We are blessed to live in a nation founded upon the notion that individuals enjoy fundamental rights and freedoms.
But no one said it would be easy to protect — and balance — those freedoms.
One of the most precious of our rights, embodied in the very First Amendment to the Constitution, is that of religious freedom. Our right to believe what we believe and to exercise our faiths is, truly, foundational. But as with all individual rights, religious freedom is not a license to do harm to others. Nor do civil rights somehow negate religious freedoms.
The key, as is often the case, is a common sense balance. At times in our history, religion has been invoked to justify discrimination against many groups, including Jews, Catholics, people of color, and yes, members of the LGBT community. Decades ago, Members of Congress stood in the House Chamber and justified laws banning interracial marriage on scriptural grounds.
But as with all individual rights, religious freedom is not a license to do harm to others. Nor do civil rights somehow negate religious freedoms.
Over time, legislatures, Congress, and the Courts have largely eliminated — at least in law — those excesses, those instances when religious freedom was used to discriminate. In short, a balance was achieved.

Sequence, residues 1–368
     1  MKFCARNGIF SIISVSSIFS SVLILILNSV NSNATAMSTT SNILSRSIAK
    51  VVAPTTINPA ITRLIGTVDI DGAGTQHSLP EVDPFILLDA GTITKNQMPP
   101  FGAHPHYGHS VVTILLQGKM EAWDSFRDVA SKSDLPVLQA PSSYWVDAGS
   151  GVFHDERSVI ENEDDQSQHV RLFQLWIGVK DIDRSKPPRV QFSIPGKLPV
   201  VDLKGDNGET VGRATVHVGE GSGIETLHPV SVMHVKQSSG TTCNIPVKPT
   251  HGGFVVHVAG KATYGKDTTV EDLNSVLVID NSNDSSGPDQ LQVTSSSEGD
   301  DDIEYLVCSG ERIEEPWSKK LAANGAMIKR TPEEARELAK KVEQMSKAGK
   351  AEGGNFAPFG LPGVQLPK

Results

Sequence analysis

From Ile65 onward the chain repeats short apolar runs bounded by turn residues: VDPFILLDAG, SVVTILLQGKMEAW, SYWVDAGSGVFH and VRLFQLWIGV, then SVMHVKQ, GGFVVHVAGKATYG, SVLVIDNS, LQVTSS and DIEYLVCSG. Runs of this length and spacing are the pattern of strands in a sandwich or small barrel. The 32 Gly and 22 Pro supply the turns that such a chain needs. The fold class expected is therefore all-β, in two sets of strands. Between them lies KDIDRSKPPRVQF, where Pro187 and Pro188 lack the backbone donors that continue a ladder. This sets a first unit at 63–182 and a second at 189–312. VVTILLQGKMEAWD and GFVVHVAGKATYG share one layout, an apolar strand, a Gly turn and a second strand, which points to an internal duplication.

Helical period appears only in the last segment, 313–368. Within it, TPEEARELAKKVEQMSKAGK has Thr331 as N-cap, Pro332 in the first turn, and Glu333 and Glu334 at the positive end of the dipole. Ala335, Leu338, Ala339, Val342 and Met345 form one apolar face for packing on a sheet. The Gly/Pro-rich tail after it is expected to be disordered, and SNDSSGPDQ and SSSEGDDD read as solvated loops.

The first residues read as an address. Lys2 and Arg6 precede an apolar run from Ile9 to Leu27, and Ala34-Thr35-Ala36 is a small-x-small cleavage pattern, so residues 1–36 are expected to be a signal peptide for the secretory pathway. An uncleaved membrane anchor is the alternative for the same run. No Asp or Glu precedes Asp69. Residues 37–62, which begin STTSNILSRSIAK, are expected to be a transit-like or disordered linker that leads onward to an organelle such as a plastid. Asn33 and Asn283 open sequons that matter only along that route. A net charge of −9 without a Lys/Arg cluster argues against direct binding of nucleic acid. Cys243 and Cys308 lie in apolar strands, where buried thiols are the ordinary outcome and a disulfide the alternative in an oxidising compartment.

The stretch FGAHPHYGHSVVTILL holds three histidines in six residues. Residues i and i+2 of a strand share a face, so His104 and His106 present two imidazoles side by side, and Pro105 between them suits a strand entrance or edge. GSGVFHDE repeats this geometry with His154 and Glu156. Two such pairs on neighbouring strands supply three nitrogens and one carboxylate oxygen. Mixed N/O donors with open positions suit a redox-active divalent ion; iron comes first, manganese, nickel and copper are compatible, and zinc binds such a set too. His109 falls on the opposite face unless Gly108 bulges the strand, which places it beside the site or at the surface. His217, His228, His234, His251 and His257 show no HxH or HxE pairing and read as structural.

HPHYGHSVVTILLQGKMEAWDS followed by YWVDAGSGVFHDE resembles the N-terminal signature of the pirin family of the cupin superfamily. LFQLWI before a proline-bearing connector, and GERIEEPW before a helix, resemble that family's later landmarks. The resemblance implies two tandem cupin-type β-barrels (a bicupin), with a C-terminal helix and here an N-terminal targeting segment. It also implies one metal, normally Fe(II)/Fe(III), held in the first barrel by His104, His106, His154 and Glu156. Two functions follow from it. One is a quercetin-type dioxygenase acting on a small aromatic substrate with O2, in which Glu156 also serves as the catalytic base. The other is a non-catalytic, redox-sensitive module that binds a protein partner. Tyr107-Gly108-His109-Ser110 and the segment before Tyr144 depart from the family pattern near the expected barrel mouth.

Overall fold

In state capitals and courtrooms across the nation, the effort to find that balance is again playing out in debates and lawsuits about whether a business is legally required to sell goods or services that may conflict with the business owner’s religious beliefs. Specifically, the question has arisen: Does a bakery or photography service have to serve a same-sex wedding, even if the business owner or employee holds beliefs that do not accept such marriages?
It’s not an easy question.
On one hand, there are literally hundreds of years of precedent and law suggesting that, when a business opens its doors to the public, that business enters into an “implied contract” to serve ALL the public. This notion of public accommodation is firmly established, and is basic to many anti-discrimination laws in states and municipalities across the nation.
Our right to believe what we believe and to exercise our faiths is, truly, foundational.
On the other hand, no law can negate our most basic First Amendment rights, including religious beliefs. Personally, as a gay, married man, I cannot imagine ever wanting to patronize a business whose owner didn’t “approve” of me or my marriage. And I personally wouldn’t want to use the force of government to require anyone to defy his or her religious beliefs.
It is my hope that the Supreme Court will succeed in finding that elusive balance between religious freedom and discrimination.